Buddhism, well established by the third century BC, ourished throughout the Satavahana period, ahayana Buddhism commanded considerable fol- owing, especially among the artisan class, agaijunakonda and Amaravati in Andhra Pradesh came important Buddhist centres under the tavahanas and more so under their successors, the hvakus.

Similarly, Buddhism flourished in the asik and Junnar areas in the western Deccan, supported by the traders. At Amaravati, the stupa was enlarged and new stupas were built.

Old ones were enlarged at Alluru, Ghantasala, Gummadiduru, Gudivada and Goli. New caves were excavated and additional benefactions towards Buddhism were made at Karle, Nasik and Kanheri.

The inscriptions mention the names of a number of sects as well as of the monks of various groups, all followers of the Buddha.


Objects of worship included stupas, the sacred tree, the trishula emblem, the footprints of the Master, the dharmachakra, relics and statues of the Buddha and other great teachers, and of the Nagarajas. The sculptures show men and women in moods of ecstatic devotion.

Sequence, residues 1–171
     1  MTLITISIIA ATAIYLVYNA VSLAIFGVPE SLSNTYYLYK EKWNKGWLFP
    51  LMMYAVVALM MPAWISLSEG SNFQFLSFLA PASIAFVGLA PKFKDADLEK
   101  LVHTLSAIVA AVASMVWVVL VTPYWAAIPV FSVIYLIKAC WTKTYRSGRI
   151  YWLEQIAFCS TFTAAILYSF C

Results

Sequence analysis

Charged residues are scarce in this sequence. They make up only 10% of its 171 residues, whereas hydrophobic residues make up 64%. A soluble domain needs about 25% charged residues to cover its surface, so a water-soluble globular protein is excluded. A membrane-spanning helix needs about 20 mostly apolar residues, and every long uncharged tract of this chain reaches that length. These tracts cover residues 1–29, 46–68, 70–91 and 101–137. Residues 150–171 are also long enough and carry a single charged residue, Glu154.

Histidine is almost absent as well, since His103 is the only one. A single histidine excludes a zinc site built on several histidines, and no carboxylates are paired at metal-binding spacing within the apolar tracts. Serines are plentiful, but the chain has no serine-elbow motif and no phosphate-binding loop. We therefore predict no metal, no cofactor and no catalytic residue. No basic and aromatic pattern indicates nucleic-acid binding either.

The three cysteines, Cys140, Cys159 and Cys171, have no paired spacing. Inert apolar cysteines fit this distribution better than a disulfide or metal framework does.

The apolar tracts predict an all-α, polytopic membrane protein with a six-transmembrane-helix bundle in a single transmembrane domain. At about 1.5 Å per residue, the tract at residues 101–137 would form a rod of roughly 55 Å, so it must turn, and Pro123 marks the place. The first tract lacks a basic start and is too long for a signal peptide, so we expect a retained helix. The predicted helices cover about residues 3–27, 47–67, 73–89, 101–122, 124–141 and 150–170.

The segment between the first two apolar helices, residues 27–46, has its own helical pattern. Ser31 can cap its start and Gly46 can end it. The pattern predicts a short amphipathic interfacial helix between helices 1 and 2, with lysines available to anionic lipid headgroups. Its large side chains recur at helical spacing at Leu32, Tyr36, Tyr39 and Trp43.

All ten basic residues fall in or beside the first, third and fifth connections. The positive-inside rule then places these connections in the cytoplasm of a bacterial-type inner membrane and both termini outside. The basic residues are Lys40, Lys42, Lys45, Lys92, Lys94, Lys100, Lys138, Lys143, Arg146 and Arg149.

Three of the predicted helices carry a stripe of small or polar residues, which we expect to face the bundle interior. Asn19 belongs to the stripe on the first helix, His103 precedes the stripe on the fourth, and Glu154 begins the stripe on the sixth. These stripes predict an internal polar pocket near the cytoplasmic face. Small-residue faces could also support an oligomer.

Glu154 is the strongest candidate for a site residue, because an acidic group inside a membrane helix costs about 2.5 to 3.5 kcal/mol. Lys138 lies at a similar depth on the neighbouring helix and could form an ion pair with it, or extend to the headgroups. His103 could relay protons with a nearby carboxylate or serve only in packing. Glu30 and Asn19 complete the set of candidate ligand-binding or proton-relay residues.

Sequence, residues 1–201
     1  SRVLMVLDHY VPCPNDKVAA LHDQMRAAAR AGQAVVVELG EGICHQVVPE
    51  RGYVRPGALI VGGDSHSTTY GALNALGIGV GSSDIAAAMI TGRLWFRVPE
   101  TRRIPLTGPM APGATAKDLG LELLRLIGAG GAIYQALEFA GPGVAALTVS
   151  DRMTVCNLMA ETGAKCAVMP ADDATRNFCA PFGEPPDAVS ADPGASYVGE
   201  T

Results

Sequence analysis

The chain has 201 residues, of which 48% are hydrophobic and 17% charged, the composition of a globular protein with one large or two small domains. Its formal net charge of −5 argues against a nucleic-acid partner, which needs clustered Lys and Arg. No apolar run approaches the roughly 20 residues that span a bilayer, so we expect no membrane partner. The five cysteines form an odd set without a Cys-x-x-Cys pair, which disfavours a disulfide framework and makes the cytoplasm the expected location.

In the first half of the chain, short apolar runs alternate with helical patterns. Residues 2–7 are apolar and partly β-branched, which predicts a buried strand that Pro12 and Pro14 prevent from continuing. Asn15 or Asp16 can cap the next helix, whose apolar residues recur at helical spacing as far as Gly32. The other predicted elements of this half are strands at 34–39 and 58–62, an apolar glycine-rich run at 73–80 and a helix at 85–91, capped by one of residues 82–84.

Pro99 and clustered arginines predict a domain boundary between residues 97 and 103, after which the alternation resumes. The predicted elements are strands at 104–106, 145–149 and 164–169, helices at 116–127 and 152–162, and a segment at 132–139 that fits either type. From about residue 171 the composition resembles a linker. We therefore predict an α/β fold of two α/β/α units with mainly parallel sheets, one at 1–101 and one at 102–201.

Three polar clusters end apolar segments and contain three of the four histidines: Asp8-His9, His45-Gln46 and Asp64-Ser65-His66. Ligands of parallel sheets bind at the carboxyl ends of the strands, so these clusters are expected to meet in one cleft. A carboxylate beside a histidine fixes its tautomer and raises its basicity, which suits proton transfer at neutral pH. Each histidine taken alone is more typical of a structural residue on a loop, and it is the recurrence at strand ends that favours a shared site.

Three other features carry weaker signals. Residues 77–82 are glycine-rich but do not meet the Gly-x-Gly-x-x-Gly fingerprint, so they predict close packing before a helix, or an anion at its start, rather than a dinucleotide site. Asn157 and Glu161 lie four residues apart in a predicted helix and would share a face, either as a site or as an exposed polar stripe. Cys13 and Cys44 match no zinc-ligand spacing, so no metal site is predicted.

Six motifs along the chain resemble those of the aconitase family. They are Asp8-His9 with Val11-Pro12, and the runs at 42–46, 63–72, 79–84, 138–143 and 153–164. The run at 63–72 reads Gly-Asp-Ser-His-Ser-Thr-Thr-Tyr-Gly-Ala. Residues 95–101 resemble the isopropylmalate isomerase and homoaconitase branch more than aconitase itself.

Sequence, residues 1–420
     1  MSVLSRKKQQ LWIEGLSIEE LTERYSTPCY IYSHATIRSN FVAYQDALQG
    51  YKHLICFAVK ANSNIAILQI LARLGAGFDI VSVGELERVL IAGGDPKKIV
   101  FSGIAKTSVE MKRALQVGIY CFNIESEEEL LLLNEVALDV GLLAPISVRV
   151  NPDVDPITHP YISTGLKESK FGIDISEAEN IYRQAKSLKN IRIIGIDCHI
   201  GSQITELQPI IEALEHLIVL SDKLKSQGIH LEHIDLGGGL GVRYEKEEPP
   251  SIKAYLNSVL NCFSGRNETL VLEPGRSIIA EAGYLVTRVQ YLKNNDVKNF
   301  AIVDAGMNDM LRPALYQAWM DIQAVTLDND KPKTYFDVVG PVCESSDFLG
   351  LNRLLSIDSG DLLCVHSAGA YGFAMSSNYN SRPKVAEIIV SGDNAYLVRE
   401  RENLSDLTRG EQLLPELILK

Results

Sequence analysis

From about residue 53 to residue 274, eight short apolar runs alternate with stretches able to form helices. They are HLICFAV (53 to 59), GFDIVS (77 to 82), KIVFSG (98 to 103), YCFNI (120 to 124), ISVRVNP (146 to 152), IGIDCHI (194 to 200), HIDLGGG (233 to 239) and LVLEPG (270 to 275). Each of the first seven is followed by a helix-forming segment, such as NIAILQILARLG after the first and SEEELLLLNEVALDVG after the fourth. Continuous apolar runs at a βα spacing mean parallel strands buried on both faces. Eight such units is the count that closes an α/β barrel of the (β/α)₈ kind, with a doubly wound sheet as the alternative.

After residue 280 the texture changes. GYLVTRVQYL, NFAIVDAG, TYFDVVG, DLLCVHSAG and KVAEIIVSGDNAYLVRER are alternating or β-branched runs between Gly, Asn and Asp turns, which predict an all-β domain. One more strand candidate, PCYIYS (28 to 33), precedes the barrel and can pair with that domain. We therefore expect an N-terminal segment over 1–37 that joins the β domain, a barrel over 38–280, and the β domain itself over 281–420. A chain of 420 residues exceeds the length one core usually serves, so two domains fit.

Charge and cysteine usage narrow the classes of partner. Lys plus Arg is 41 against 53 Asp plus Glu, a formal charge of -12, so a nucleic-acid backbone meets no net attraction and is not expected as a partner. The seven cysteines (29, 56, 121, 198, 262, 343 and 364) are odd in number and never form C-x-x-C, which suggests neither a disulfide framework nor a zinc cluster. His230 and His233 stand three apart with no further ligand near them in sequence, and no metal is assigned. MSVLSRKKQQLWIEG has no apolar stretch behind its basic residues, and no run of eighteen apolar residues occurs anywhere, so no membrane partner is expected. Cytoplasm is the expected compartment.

Brahmanism also flourished under the Satavahanas. The third king of the dynasty per­formed a number of Vedic sacrifices and named one of his sons, Vedisri. Gautamiputra Satakarni was a supporter of Brahmans.

Hala’s Saptasati begins with a passage in praise of Shiva. During this period, the Hindu gods were Indra, Vasudeva, the Sun and the Moon, Shiva, Vishnu, Krishna, Ganesha and Pashupati. The Saptasati mentions the vrata of fire and water and temples of the goddess Gauri.